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BOV Market Watch - Week ending 19th November 2021
19 Nov 2021
Eurozone CPI rose to 4.1 percent in October. Eurozone inflation rose to 4.1 percent in October from 3.4 percent in September, broadly in line with the 29th October’s estimate. This is the highest rate since July 2008. Excluding energy, food, alcohol and tobacco, core inflation advanced to 2.0 percent from 1.9 percent the previous month. The highest contribution to the annual increase came from energy, followed by services and non-energy industrial goods. Energy prices registered a sharp annual growth of 23.7 percent. Food, alcohol, and tobacco prices rose 1.9 percent, while non-energy industrial goods prices grew 2 percent and services cost advanced 2.1 percent. 

U.S. Import and Export Prices are Surging.
On Tuesday, the US Labour Department reported that US import prices increased more than expected by 1.2 percent in October after rising by 0.4 percent in September. The stronger than expected import price growth came as prices for fuel imports shoot-up by 8.6 percent in October after rising by 3.9 percent in September. Excluding prices for fuel imports, import prices rose by 0.4 percent in October after inching up by 0.1 percent in September. It was also reported that export prices firmed up by 1.5 percent in October after climbing by an upwardly revised 0.4 percent in September. Export prices were expected to advance by 0.9 percent compared to the 0.1 percent uptick originally reported for the previous month. Compared to the same month a year ago, import prices in October were up by 10.7 percent, while export prices were up by 18.0 percent. In the near term, US import price inflation is poised to remain uncomfortably high given the prevailing supply disruptions, elevated energy prices, and strong domestic demand during the last quarter.  However, it is expected that price dynamics will ease in early next year as demand pressures moderate and supply factors gradually improve.

UK Inflation Reaches Decade High.
UK inflation accelerated more-than-expected to a decade high in October, adding pressure on the Bank of England to tighten monetary policy soon. Consumer price inflation advanced to 4.2 percent from 3.1 percent in September, the highest rate since November 2011. This rise was above the economists' forecast of 3.9 percent and over twice the central bank’s 2 percent target. The central bank projected inflation to peak at around 5 percent in April 2022 but to fall back materially from the second half of 2022. On a monthly basis, consumer prices were up 1.1 percent versus September's 0.3 percent rise. Core inflation that excludes energy, food, alcoholic beverages, and tobacco, rose to 3.4 percent in October from 2.9 percent in September. This was also well above the forecast of 3.1 percent. Factory gate inflation hit its highest level in more than a decade in October driven by petroleum product prices. Output price inflation increased to 8 percent in October, from 7 percent the previous month, the highest since September 2011.Similarly, input prices advanced at a pace of 13.0 percent annually, the strongest since September 2008, following the 11.9 percent increase a month ago. On a monthly basis, output prices gained 1.1 percent, the fastest since February 2013, compared to a 0.7 percent rise in September. Meanwhile, input prices climbed 1.4 percent on month after a 0.8 percent rise in the previous month.  When coupled with the recent decent labour market data, the bigger-than-expected leap in CPI inflation in October makes an interest rate hike in December even more likely.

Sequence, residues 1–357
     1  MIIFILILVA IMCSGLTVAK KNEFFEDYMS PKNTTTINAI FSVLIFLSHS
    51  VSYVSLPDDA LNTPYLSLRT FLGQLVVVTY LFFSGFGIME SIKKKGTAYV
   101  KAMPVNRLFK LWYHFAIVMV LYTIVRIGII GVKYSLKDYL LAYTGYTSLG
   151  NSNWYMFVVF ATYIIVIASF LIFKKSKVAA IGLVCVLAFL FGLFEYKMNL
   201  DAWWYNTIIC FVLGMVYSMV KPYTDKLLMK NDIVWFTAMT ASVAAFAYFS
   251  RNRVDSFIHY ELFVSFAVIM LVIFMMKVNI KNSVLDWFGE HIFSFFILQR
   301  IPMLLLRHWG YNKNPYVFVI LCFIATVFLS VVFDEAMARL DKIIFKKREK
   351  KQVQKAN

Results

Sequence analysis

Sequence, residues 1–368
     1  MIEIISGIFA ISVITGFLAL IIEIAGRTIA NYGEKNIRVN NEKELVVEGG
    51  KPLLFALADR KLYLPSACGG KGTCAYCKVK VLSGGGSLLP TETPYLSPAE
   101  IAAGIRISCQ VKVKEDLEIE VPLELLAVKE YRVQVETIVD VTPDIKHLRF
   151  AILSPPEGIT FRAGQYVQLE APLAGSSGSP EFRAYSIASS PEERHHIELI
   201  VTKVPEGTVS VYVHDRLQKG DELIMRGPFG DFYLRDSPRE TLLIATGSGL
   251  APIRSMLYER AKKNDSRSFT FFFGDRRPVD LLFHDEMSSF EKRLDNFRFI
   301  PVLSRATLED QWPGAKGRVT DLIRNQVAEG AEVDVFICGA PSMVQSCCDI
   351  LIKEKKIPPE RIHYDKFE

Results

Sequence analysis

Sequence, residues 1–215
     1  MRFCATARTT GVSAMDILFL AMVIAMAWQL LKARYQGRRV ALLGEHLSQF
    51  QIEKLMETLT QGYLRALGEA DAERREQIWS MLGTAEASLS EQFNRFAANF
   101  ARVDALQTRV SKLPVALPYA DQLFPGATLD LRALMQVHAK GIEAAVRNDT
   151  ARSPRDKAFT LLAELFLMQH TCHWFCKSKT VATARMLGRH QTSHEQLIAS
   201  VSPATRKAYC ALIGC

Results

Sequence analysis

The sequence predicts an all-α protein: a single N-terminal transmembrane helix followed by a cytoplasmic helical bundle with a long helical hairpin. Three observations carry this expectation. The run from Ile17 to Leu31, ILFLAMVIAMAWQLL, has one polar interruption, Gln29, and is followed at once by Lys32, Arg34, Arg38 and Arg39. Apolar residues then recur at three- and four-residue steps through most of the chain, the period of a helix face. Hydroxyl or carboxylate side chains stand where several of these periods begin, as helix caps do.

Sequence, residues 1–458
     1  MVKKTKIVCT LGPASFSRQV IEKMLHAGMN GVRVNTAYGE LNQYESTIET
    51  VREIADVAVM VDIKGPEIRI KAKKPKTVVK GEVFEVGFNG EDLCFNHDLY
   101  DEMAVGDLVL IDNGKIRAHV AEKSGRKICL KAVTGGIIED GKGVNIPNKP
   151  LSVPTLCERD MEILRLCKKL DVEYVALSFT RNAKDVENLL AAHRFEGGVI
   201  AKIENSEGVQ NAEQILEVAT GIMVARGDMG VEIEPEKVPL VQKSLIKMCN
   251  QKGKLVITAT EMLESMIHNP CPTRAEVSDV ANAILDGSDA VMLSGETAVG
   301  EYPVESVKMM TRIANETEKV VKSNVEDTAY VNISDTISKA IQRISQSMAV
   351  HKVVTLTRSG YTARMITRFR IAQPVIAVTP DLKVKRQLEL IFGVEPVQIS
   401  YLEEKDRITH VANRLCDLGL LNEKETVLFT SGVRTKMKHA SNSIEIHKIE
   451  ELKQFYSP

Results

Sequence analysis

Europe’s New Car Registrations Decline Worsens In October:
European new car registrations fell at a faster double-digit pace in October as the shortage of semiconductors weighed on auto production. Passenger car sales plunged 30.3 percent year-on-year, marking the fourth consecutive fall this year, as sales dropped 23.1 percent in September. With 665,001 units sold across the region, this was the weakest result in volume terms for the month of October ever recorded. Most EU markets suffered double-digit losses, including the four largest ones, namely Italy, Germany, France, and Spain. During the January to October period, new car registrations advanced 2.2 percent from a year ago, totalling around 8.2 million units. The European Automobile Manufacturers' Association, noted that despite the recent fall in sales due to the ongoing impact of the semiconductor supply crisis, substantial gains earlier in the year helped to keep cumulative volumes in positive territory.

RBA Chief Signals that Interest Rate Hike Unlikely In 2022.
 Reserve Bank of Australia Governor Philip Lowe stated that the latest data and forecasts do not warrant an increase in the current low 0.10% cash rate in 2022. He said that in order to consider a rate hike next year, the economy and inflation would have to turn out very differently upwards from the broadly prevailing central scenario. He signalled that the central bank will not increase the cash rate until inflation is sustainably above the target range. At the latest November monetary policy meeting, policymakers indicated that they will be patient.
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Bank of Valletta p.l.c. is a public limited company regulated by the MFSA and is licensed to carry out the business of banking and investment services in terms of the Banking Act (Cap. 371 of the Laws of Malta) and the Investment Services Act (Cap.370. of the Laws of Malta).